August 10, 2020
Our staff has worked to develop the safest ways to provide a rigorous educational experience which includes face-to-face instruction, hybrid schedules, virtual options, and programs that meet the social-emotional needs of our students. GMSD is proud of the work we have completed towards meeting recommendations provided by the TN Department of Health, Le Bonheur Task Force, Shelby County Health Department, CDC, and the American Academy of Pediatrics.
The latest guidance from the Tennessee Department of Health, the Shelby County COVID-19 Task Force, and Governor Bill Lee’s Ordinance No. 55
on July 31, 2020, recommend that masks should be worn at all times in school buildings, so we are updating our plan to reflect that new guidance.
This is not a dramatic departure from our current plan. Students were already required to wear a mask or facial covering during arrival, dismissal, and during times that social distancing would be difficult (such as class transitions and hand washing or restroom breaks). Parents were asked to provide a mask or facial covering for their students. Students were also going to be strongly encouraged to wear their facial coverings at all times in the classroom. Our goal was for students and staff to wear facial coverings as frequently as possible. Even though we are transitioning to requiring masks, the exceptions and reasons why we originally chose a strong recommendation are still in place. According to the Tennessee Health Department:
- Unless a student has trouble breathing or is unable to remove a cloth face-covering without assistance, all middle school and high school students should always wear a cloth face covering while in the school building. Middle and high school students may remove their cloth face covering when outdoors so long as social distancing can be maintained.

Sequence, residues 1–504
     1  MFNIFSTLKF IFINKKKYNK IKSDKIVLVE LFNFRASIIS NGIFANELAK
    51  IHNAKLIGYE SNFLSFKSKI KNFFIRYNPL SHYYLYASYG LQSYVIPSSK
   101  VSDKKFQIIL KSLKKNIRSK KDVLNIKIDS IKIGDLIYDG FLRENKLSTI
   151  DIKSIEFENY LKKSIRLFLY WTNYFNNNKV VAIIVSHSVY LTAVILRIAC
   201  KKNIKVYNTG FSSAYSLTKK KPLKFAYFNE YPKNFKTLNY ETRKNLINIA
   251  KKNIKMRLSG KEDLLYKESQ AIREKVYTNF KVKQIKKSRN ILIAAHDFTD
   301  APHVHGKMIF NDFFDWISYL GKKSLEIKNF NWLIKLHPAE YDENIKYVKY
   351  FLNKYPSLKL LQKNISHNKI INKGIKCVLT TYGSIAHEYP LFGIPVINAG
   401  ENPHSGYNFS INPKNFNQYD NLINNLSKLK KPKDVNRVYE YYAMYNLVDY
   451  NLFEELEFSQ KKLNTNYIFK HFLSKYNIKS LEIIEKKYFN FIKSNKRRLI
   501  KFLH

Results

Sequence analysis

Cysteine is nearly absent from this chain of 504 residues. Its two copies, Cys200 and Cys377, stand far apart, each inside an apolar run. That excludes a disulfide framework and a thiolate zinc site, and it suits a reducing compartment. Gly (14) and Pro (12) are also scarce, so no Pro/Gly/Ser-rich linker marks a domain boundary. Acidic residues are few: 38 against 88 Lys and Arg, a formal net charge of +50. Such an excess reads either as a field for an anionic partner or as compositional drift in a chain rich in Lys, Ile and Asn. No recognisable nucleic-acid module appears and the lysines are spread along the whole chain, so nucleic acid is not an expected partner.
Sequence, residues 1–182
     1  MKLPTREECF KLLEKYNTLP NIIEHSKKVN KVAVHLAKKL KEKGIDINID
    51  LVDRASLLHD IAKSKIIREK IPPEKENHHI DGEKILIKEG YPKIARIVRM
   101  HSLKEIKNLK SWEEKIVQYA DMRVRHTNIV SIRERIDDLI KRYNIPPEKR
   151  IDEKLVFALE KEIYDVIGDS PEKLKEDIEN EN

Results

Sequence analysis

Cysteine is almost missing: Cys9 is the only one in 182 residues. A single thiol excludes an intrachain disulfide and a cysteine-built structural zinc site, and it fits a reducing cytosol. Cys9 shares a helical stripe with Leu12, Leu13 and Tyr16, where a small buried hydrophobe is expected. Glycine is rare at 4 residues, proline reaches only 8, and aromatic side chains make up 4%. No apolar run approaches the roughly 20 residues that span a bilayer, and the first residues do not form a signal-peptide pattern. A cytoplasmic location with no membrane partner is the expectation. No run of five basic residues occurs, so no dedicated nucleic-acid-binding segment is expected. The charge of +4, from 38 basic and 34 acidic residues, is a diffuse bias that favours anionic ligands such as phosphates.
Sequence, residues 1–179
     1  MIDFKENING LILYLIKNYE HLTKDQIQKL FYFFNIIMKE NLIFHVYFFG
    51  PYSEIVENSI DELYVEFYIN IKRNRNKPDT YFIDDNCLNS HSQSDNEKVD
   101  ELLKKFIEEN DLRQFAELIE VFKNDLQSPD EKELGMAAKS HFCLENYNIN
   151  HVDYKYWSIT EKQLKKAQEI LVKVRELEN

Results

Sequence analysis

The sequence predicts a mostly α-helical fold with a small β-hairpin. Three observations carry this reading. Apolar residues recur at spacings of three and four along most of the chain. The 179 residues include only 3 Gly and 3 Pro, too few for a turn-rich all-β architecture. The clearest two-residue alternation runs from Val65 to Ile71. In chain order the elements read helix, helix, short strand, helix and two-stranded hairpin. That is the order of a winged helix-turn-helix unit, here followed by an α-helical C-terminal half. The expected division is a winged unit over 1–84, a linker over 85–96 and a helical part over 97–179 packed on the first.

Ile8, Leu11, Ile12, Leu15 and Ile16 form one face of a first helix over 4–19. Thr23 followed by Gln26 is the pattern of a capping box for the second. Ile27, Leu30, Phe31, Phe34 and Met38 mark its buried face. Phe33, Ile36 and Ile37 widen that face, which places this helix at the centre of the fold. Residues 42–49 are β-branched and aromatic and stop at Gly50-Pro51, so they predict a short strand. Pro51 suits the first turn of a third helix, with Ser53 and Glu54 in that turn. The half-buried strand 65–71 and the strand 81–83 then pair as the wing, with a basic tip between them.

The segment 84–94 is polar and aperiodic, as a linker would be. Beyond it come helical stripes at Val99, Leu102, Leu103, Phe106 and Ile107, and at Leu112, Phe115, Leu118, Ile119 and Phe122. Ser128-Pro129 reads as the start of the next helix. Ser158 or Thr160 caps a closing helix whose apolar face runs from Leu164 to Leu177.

- Unless a student has trouble breathing or is unable to remove a cloth face-covering without assistance or is sleeping, all elementary students should wear a cloth face covering while in the school building.
- Elementary students may remove their cloth face covering when outdoors.
- Students who continuously play with, suck on or chew their face covering should be excused from wearing one, as should students who will not tolerate a face covering.
- Preschool children under age 2 years should not wear cloth face coverings.
- Individuals should not wear masks while eating or drinking. Lunchtime should be restructured to allow children to eat lunch in their classrooms or outdoor spaces, rather than the cafeteria.
- People who are deaf or hard of hearing—or those who care for or interact with a person who is hearing impaired—may be unable to wear cloth face coverings if they rely on lipreading to communicate. In this situation, consider using a clear face covering. If a clear face covering isn’t available, consider whether you can use written communication, use closed captioning, or decrease background noise to make communication possible while wearing a cloth face covering that blocks your lips.
- Some students, such as those with intellectual and developmental disabilities, mental health conditions, or other sensory sensitivities, may have challenges wearing a cloth face covering. They should consult with their healthcare provider for advice about wearing cloth face coverings.
Principals are granted authority to waive the mask requirement for legitimate educational, safety, or health-related reasons for students, staff, and visitors on campus. Teachers will also have the ability to provide mask breaks when students are socially distanced, and staff will have the ability to wear face shields when providing phonics lessons, speech, or other therapies.